Thrilling visuals, ridiculous story, little to no
educational value ... I loved it!
A low flying aerial shot finds some active minded
drivers waiting for a light to change from red to
green (it takes the length of the film). In the
meanwhile, we benefit from fertile extreme
Aspen, atop a pure white peak, no tracks, no
lifts, virgin snow. One male, one female ski like
angels, floating from the top of this snow-white
world. Watch them glide over rocks, a frozen
waterfall, the cinematographer films side by side,
sliding down the mountain. As if that wasn't sweet
enough, the sun sets into darkness, the skiers light
their way with only a torch in each hand. The orange
glow breaking the darkness - weaving between trees.
Cut to dirt bikers racing though the desert on one
wheel each, a station wagon behind, a biplane above.
The bikes race into the sky with only a few good
jumps, then join the driver of the car across a lake
while water-skiers flip across speedboat wakes. The
car takes to the frozen mountaintops in time to catch
a group of grunge snowboarders and a guy on a bicycle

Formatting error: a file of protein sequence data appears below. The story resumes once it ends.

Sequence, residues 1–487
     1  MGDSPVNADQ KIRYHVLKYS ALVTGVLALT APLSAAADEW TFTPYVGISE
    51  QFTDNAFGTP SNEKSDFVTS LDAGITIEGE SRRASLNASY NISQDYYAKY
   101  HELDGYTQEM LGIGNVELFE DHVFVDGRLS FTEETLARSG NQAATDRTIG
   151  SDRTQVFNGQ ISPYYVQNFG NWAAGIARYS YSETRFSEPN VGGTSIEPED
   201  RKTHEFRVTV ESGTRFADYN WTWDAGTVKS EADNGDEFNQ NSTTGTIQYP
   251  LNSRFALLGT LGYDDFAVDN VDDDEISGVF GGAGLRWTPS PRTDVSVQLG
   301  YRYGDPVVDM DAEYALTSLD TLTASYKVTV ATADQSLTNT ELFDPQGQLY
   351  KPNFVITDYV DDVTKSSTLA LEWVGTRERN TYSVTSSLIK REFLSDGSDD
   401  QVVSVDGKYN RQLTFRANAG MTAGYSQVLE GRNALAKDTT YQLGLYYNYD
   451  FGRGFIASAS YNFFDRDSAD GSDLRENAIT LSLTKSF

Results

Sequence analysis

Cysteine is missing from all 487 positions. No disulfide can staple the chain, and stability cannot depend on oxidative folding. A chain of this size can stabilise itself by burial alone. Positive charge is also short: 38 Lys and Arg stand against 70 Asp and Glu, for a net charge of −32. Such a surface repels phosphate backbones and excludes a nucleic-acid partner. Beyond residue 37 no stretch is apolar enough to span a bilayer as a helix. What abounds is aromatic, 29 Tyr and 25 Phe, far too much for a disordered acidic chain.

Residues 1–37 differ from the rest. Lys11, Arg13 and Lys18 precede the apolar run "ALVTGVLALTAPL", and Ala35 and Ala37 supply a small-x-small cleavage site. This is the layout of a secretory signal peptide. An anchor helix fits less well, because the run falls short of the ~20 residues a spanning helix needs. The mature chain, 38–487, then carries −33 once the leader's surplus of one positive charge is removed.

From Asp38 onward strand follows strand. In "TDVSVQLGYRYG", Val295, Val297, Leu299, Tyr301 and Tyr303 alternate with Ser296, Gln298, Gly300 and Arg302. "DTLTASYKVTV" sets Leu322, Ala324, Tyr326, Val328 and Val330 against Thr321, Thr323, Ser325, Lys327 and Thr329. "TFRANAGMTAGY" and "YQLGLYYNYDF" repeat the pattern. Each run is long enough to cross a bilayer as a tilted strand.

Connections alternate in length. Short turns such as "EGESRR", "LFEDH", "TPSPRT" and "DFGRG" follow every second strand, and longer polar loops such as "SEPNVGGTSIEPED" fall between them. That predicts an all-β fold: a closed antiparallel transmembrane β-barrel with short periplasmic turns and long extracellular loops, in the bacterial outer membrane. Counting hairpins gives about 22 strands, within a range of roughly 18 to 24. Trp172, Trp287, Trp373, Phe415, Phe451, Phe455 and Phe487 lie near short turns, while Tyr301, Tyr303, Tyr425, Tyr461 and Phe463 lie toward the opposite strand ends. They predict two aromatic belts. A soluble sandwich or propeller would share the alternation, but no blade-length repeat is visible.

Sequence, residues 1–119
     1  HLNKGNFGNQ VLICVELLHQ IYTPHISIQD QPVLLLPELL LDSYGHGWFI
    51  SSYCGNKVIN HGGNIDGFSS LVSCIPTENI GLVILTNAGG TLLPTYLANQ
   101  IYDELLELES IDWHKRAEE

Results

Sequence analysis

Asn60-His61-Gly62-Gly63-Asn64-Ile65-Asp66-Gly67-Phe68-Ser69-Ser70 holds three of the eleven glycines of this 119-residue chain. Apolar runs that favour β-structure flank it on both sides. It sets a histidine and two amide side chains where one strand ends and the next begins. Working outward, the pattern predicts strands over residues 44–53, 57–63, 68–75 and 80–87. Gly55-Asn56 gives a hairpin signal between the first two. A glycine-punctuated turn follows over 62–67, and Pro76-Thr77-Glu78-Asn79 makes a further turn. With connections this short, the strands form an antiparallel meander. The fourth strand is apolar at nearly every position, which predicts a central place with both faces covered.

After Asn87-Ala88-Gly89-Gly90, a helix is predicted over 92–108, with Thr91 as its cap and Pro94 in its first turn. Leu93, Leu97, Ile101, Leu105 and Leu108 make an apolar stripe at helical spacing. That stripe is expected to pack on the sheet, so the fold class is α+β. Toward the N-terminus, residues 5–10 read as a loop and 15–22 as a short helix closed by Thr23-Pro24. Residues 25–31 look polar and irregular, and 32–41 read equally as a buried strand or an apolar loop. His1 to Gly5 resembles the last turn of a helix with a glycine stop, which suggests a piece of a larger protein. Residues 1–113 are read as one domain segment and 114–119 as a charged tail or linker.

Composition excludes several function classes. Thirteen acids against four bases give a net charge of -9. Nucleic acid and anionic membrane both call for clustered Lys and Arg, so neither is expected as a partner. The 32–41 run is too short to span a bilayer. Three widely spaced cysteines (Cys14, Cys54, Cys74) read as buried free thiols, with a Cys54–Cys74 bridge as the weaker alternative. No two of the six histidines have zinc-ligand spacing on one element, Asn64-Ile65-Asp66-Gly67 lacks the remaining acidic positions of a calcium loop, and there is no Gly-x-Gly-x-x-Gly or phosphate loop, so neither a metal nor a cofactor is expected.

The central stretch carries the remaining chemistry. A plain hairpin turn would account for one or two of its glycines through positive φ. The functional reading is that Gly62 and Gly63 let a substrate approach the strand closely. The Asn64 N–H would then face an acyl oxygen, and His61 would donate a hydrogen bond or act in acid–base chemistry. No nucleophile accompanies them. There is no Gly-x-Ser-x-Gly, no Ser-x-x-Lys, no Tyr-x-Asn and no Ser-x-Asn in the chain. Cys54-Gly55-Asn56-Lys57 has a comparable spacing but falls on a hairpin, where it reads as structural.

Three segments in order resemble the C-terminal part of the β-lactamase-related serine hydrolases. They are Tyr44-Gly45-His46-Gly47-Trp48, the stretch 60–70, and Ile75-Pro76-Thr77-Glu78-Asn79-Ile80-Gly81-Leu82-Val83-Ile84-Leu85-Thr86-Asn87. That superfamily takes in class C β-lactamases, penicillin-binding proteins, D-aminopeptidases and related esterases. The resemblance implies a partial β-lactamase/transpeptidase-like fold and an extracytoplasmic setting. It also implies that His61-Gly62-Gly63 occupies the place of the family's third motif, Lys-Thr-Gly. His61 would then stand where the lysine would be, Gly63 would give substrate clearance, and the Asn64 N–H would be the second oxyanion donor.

race down a bobsled groove.
These young enjoyers of gravity bombard an
innocent ski lodge ... landing on the roof, then
skiing directly through, steps, railings, windows,
whatever. Their recklessness exactly balanced with
their skill. That is the edge.
Fun and exciting experimentation capture these
gliders on film. One shot "freezes" twisting/turning
airborne skiers, the splattered snow gets another
chance to fall to the ground. Then one medium shot
finds a string of ten or so skiers bopping up and
down a sequence of small ramps - they look like
pistons popping in an eight-cylinder engine.
From silly, to dangerous, to breathtaking, to
simple beautiful; "Ski to the Max" is very good
(albeit mindless) big screen entertainment.